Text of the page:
Bobby Sebolao, who is completing a five-month teaching placement in India through the British Council, shares what has struck him most about the people he has met there.
Students can be teachers too
When I came to India, I knew I wanted to learn how to play cricket, a sport I know very little about. This has caused problems at home, where I am surrounded by cricket enthusiasts. For the first few weeks, this goal was more of an idea than a reality. That was until I accidentally found the unlikeliest of mentors on a bus ride home from school.
The journey usually consists of chatter, songs and a 'game' where the kids empty the contents of their pencil cases into my lap for my inspection and approval - they are in primary school. As I dutifully remarked on the impressive length of a pencil shaving, the boy beside me spoke up. 'Bobby Sir, who is your favourite cricket player?' I didn't know anyone except from Sachin Tendulkar, but let him know that I was willing to learn. His expression made me feel like I had to. Then he asked, 'Sir, do you know Dhoni, captain of India cricket?' I shook my head. Recognising the gravity of the situation, he momentarily disappeared below my eye level and rummaged for something in his bag. A second later, a thin hardback book was slid to me through the gap between the seats - ‘The Complete Encyclopaedia of Cricket’. Then he, a nine-year-old from my English class, set me homework: 'Study the list of world cricket captains on page 23, and I will test you on their names on the bus tomorrow'. I left the bus, book in hand, grinning.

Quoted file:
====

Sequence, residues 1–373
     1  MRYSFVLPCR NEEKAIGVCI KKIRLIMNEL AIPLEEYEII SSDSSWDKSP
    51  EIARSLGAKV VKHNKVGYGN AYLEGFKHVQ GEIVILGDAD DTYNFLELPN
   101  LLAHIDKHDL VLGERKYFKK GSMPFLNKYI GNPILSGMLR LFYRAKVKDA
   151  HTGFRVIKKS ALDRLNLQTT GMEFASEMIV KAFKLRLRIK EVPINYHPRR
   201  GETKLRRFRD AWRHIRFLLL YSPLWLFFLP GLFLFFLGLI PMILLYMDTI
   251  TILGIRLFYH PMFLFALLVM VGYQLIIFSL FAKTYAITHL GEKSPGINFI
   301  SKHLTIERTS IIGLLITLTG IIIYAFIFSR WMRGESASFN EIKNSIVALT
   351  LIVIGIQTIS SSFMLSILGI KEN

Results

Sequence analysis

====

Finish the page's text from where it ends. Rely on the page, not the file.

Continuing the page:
Learn how to say 'I've had enough, thank you'
Indian people are impressively hospitable. Recently, I visited one of my colleague’s mother’s houses. I was welcomed into their home in the northern part of Delhi and was treated to a feast of parathas (warm, flat bread), curd (natural yoghurt) and achaa (spicy chutney).
What I didn’t realise for a little while was that, traditionally, parathas are served one at a time, rather than piling guests’ plates full of them all at once. So, of course, I ate the food on my plate. And when my stocks kept getting replenished, and when one paratha on my plate became eight in my stomach over the course of several minutes, a realisation struck me. My colleague’s mother was busy making a seemingly never-ending stream of them in the kitchen.
Without knowing how to say I had eaten enough in Hindi, which I now realise was a rookie’s mistake, my appetite was pitted against my host’s endless hospitality in a marathon that even Mo Farah would have struggled to complete. I have since learned that the appropriate phrase is ‘bas shukriya’, which literally translates as ‘stop, thank you’ in English. If you are ever going to India, or any other ‘feeding culture’, learn this phrase or its equivalent.
I admitted inevitable defeat at around the one-hour mark and retreated to the sofa to lie contentedly like a cat who’d had its cream, and perhaps too much of it. My ‘opponent’ enjoyed her victory. The Indians I’ve met in Ghaziabad have really shown me what it means to look after guests. Perhaps one day I’ll take on the ‘feeding’ role, and see how it goes down the other way round.
Don't wait for a break in the traffic before crossing
Why did Bobby cross the road when there were cars flying all around him? If he didn't, he wouldn't have got to the other side.
Since being here, I have learned that experience is often the best teacher, and occasionally the only teacher, when it comes to road safety (or lack thereof). Travelling through Delhi’s bustling streets is no cakewalk, largely because in many places there is no sidewalk. Please excuse the Americanism – you can see why I used it. As there is so much traffic all the time, waiting for a clear bit of road before crossing is, I now know, impossible. The way I deal with this is by imagining that I am a nimble but tough vehicle with an undeniable right to be on the road. In the UK, I’m Bobby, but on the streets of Delhi, I’m a Tata hatchback that does 0-15 miles per hour in four seconds at a push. Just imagine. What kind of nimble little car would you be?